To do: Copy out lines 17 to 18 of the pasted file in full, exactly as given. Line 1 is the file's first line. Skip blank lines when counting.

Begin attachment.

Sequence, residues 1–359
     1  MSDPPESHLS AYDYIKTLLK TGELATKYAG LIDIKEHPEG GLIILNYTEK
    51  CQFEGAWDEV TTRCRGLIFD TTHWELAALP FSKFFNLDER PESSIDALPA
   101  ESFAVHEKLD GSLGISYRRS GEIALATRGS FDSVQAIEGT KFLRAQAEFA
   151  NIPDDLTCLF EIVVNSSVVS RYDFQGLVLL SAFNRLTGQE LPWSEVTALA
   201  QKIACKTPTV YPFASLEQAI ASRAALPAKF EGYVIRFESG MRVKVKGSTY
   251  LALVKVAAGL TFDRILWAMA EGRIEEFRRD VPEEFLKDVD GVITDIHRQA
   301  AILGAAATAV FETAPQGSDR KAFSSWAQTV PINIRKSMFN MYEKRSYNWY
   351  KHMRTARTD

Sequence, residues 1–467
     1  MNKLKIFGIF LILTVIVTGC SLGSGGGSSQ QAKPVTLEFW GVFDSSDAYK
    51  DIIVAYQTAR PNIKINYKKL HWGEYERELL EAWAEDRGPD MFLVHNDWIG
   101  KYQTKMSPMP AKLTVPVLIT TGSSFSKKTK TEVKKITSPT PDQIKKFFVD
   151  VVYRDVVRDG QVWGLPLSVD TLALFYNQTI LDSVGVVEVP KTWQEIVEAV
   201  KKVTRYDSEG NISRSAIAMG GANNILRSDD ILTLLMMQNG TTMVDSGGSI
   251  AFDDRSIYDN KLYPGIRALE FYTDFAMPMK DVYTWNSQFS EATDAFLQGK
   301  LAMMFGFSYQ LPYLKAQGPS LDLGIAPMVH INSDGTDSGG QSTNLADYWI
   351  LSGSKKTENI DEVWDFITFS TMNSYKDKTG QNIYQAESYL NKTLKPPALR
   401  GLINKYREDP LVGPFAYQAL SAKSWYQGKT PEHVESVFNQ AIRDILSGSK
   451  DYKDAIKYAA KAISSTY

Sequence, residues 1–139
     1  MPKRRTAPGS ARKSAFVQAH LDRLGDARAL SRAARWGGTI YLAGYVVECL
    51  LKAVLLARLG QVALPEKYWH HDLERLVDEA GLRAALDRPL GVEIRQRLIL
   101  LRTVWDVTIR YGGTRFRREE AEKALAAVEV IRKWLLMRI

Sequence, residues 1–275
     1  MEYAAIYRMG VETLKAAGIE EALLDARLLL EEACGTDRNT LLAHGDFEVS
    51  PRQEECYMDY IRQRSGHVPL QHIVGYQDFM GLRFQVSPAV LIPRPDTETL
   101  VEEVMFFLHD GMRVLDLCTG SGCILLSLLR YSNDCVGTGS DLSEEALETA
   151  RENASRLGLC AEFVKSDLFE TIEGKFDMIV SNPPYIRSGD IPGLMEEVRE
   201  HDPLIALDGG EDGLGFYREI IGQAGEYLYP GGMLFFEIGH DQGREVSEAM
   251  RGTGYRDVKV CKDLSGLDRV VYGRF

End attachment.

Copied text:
   301  LAMMFGFSYQ LPYLKAQGPS LDLGIAPMVH INSDGTDSGG QSTNLADYWI
   351  LSGSKKTENI DEVWDFITFS TMNSYKDKTG QNIYQAESYL NKTLKPPALR